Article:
On 2' May 1964, the Sikh sangat of this Gurdwara Sahib held a jormela in memory of Baba Kharak Singh Ji who passed away in India at the age of 97. Baba Kharak Singh was very highly respected by the Sikhs because of his selfless service in the cause of the Khalsa Panth during the Gurdwara Reform Movement.

Bhai Maha Singh Ji Village Mofar, Bhatinda served as a Granthi in this Gurdwara Sahib for nearly 22 years from 1958 to 1966 and again from 1969 until his demise in July 1983. He was a very humble man and much loved by the sangat.

In early 1985, the Government allocated a piece of land, Lot PT245 Section 93A, in Jalan Besi off Jalan Intan at 3 1/2-Miles Jalan Sungei Besi. This property is gazzeted as a temple reserve and held under Title Grant Registration Number 490 dated 29.9.1978. The size of the land is 1709.4m (18,399 square feet).

A two-storey building was built on this site at a cost of nearly RM300, 000.00 out of which RM40,000.00 was donated by the Government. The foundation stone was laid by YB Datuk Seri S. Samy Vellu, the Minister of Works on 2nd June 1985. The Sikh sangat held their first religious function in the new Gurdwara Sahib on 30th November 1986 on the occasion of the birthday of Sri Guru Nanak Sahib Ji.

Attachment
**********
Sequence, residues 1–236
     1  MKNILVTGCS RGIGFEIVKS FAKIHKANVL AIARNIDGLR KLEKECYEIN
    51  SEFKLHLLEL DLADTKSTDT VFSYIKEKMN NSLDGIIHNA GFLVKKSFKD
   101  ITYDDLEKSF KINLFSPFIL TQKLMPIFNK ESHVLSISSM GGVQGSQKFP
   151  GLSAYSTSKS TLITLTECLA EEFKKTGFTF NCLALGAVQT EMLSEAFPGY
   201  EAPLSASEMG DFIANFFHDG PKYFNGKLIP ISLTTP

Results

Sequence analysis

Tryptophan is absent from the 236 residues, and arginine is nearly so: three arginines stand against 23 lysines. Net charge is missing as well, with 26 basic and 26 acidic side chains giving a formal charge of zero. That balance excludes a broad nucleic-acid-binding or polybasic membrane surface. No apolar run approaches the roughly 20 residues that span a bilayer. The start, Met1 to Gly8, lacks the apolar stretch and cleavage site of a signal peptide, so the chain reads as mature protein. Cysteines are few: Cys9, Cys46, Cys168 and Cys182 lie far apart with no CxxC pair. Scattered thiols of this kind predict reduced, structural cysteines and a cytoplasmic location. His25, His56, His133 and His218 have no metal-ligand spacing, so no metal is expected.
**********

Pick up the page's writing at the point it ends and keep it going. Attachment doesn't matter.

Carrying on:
The Darbar Sahib on the first floor is quite large (100 feet x 60 feet). The langgar hall on the ground floor can easily seat about 350 people.
This Gurdwara Sahib has a very comprehensive constitution, which was approved by the members on 24th September 1987. The author played an important role in the preparation of this constitution, assisted by Sardar Amar Singh Malli, the Secretary.